Thursday, January 15, 2009

Why It Is so Hard to Break the Poverty Cycle

I mainly used to comment on economic and political events in Cambodia. To illustrate life in Cambodia to the outsider, however, nothing shows this better than personal experiences.

This outwardly honest young man, Ohm Hen’s grandson from the previous post, had moved with his young wife into Ohm Hen’s little house, mainly to take care of her – a very laudable effort on his part. Another reason was that he wanted to find a job in Phnom Penh. His wife, 3 months pregnant, was working in a garment factory. So, at least they had some money. Things seemed to work out for them.

Of course, as he used to live there with his grandma before he knows most of the neighbors already and consequently went to hang out with them. Obviously he did this so much that his wife felt neglected and became outright jealous about this. He is 21, and she is 20. There were no other women or even alcohol involved. This all took place over a period of maybe one month. To make a long story short, the young wife got so distraught that she tried to commit suicide by swallowing 25 iron supplement tablets her doctor had given her to help her and her unborn baby during her pregnancy.

When the young man came home that one night he found his wife on her bed clearly not feeling well. On pressuring her it all came out. They live about 20 km from the center of Phnom Penh. He hired a tuk-tuk and rushed her to the Calamette hospital. As I mentioned in the other post they won’t treat anybody until they have paid. Sroik, the young man, didn’t have any money so he sped to his young aunt, herself a recent mother, and borrowed $40 from her so he could pay the hospital. They pumped the wife’s stomach and gave her IV infusions. She needed to stay hospitalized overnight. The next day the doctors said she was ready to go home. She should just take it easy and rest for a few days. No food for the first day. So far so good.

His aunt Pisey and her husband were very sympathetic and said Chanda, the wife, ought to see another doctor to check on her. One of their acquaintances was a doctor; so they took her to his office. That doctor kept her for 2 more days and then released her.

Needless to say, that Chanda didn’t go to work during that time, and it is not sure whether she will still have that job when she goes back to work. We know that business is very slow these days in all sectors in Cambodia.

Sroik hadn’t found a steady job either. He helps out painting the new school in the district. But it’s no long-term job. Both are in debt to their aunt and uncle for $40 and to the doctor for another $45. This is not a whole lot in the West, but for these people who don’t have any money at all it seems like an insurmountable debt. Normally, they would make about $100 together, but without job, what could they do, and how are they going to pay it back?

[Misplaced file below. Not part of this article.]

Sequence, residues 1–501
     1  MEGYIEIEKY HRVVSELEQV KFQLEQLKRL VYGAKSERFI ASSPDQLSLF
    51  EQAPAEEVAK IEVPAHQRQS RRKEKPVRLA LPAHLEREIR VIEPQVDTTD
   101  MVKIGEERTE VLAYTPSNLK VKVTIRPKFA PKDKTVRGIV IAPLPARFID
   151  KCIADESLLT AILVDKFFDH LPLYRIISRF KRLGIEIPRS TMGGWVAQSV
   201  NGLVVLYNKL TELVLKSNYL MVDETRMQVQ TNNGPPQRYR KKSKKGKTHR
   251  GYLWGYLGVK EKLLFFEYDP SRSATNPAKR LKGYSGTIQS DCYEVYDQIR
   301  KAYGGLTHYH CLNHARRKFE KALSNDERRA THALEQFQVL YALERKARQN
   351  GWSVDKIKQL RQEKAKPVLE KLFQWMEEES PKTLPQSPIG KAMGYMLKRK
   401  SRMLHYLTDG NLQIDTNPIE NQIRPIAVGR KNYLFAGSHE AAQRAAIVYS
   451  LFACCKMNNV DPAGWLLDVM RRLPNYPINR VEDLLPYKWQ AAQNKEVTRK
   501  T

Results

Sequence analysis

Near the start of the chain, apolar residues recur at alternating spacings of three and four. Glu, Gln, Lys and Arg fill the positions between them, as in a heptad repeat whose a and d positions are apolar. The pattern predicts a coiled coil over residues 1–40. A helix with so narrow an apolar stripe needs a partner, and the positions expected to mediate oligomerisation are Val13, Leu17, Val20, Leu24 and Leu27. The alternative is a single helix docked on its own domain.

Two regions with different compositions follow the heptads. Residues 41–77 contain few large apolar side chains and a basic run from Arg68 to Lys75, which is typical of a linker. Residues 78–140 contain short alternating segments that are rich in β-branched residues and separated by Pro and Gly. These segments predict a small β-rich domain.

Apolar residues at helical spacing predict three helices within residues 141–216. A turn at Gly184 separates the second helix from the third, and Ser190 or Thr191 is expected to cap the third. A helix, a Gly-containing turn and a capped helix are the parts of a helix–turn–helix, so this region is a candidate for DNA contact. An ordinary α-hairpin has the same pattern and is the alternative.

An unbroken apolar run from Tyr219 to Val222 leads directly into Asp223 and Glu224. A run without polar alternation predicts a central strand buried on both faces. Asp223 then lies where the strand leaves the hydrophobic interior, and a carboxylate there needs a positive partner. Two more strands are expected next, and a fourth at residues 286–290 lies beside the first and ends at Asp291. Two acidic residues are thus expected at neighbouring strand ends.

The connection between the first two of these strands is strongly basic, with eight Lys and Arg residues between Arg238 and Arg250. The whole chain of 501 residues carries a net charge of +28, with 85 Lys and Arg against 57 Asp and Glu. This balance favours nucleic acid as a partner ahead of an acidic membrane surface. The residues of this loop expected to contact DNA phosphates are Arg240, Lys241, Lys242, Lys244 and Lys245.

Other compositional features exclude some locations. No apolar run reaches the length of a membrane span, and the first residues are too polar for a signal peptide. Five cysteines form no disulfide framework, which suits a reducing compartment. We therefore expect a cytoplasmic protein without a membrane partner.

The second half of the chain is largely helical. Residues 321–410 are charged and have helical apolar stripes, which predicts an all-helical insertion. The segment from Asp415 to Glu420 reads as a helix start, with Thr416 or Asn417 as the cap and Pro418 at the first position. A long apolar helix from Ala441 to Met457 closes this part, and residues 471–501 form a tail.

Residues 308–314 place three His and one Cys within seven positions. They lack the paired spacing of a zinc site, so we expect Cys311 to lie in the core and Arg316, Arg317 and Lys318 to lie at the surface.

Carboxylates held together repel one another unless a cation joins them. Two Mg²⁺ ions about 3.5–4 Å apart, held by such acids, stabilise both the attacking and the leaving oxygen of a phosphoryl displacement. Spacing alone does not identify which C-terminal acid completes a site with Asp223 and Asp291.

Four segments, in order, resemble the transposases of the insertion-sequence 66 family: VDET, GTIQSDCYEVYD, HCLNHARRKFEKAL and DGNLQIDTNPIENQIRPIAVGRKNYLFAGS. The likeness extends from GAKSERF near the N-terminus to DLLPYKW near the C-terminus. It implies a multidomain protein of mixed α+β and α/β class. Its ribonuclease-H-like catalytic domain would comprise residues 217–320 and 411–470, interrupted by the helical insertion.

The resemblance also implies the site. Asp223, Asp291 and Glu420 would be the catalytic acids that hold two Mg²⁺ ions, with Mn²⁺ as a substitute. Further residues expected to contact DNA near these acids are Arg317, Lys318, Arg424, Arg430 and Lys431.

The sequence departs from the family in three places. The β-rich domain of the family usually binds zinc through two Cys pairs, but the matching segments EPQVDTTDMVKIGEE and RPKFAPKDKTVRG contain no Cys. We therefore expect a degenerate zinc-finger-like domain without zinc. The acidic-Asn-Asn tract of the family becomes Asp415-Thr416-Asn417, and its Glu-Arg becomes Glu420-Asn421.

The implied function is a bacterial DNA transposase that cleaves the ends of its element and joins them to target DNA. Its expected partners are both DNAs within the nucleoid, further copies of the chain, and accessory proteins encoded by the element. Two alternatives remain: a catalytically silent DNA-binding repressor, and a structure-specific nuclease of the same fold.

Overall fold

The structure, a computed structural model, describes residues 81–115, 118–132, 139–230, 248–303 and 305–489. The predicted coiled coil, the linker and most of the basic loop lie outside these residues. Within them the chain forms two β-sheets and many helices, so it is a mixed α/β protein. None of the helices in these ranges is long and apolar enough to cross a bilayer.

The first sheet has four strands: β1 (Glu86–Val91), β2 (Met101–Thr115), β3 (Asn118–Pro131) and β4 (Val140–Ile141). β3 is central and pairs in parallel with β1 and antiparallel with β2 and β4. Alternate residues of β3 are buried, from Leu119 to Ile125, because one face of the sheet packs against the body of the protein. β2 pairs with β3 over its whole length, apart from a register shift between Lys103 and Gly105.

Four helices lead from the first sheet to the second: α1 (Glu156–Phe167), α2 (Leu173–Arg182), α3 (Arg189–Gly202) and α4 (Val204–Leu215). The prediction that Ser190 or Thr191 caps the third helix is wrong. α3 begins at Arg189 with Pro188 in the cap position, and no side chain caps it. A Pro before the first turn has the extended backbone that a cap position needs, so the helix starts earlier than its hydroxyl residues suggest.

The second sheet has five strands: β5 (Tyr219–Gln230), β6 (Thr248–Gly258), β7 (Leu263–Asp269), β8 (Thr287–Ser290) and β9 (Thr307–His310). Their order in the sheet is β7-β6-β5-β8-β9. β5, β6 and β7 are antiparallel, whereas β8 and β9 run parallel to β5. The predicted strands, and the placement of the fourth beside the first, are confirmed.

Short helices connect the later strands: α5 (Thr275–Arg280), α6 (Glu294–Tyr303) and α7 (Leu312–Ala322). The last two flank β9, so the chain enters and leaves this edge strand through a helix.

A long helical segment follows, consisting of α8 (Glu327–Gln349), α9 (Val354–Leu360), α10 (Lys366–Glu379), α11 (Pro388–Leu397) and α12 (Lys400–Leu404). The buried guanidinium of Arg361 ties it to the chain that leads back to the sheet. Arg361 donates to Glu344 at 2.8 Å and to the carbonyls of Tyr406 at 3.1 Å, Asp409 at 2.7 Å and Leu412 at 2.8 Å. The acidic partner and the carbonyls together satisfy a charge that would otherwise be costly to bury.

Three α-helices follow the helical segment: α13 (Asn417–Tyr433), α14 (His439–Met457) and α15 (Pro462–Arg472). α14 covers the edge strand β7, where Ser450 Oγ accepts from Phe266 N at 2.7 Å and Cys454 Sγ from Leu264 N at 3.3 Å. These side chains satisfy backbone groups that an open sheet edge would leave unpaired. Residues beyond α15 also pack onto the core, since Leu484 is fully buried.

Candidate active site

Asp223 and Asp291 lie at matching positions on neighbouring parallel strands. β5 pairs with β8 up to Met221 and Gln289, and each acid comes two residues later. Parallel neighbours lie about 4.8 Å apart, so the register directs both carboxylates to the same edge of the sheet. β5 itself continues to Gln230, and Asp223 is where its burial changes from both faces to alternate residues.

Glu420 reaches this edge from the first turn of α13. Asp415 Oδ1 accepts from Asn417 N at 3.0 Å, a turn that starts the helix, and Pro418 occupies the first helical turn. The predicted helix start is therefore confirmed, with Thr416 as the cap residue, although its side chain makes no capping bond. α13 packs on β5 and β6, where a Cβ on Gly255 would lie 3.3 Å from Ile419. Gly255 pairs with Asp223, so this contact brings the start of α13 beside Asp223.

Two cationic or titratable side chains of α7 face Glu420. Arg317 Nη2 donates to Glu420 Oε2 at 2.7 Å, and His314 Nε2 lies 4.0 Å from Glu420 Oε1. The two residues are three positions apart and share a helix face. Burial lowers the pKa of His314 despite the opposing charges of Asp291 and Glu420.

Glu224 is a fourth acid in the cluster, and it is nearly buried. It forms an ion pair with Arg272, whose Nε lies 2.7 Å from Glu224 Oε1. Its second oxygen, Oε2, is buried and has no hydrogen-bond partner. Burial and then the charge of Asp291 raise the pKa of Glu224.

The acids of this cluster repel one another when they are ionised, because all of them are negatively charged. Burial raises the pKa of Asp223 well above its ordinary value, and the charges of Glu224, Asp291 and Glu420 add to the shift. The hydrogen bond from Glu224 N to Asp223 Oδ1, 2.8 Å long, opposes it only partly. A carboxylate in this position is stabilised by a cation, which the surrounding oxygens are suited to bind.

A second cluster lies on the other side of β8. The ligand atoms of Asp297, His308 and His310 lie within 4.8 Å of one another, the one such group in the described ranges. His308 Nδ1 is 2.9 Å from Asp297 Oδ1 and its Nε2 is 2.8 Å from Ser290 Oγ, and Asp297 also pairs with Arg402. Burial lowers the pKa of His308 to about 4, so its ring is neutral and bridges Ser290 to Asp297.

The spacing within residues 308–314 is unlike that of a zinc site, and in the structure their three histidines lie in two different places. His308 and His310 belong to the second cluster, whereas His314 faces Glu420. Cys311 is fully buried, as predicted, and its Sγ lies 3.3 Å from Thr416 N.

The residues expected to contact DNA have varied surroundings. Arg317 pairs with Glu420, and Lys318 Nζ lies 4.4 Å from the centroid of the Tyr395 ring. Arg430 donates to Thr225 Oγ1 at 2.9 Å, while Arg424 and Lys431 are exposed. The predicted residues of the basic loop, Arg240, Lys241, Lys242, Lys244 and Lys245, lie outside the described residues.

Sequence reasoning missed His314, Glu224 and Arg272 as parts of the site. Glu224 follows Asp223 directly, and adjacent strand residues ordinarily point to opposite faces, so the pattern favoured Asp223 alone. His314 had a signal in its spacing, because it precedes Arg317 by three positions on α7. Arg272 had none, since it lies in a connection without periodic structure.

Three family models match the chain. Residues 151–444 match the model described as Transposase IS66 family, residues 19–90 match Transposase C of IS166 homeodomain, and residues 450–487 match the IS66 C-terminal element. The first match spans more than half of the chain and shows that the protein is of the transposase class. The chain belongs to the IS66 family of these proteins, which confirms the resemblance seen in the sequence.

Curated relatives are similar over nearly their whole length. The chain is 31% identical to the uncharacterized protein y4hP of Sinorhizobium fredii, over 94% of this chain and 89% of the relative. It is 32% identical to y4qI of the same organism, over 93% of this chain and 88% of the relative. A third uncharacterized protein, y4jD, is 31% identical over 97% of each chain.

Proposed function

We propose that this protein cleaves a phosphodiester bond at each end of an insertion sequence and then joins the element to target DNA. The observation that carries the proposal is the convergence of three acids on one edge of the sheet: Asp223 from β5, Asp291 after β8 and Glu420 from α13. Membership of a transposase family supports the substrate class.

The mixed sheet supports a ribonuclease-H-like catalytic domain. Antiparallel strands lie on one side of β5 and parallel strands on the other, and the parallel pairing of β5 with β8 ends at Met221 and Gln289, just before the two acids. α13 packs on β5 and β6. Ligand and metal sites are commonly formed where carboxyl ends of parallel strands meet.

Do these young people have any prospect of a better life? They are completely uneducated, barely able to read and write. They are poor. But they are young. One can’t forget that even poor people have a sexual drive. They started dating, to use the Western term, and obviously finally had sex together. After a while, the girl got pregnant. So they got married, whether voluntarily or because Sroik was threatened with whatever Chanda would think up, we don’t know. Rumors fly in these cases. They profess love for each other, but who really knows. I doubt that in their confusion they know it themselves. It goes without saying that they had no money for a wedding ceremony or party. So his mother borrowed $500 at her village for the wedding.

And now this. If this story takes its almost predictable course, as in millions of other cases, they would just subsist on whatever they could scrounge together. But they would most likely have more babies, which would grow up malnourished and also without access to a better education, making them day laborers, or in the worst case, even beggars - all because the young parents didn’t think things through. Why didn’t they use contraceptives? They are readily available. The government runs clinics dispensing free IUDs for women and condom use is propagated throughout, including TV commercials. If worst comes to worst, the young man will be fed up with this dire life after a few years, and just take a hike, like so many other young and older man are wont to do.

Footnote: This is not to slap myself on the back, but just to forestall many a thought in this direction a reader might have. Yes, my wife and I will intervene and see what we can do for these people and how we can help them. One thing is for sure, right after the baby is born we will take them to a family planning center.

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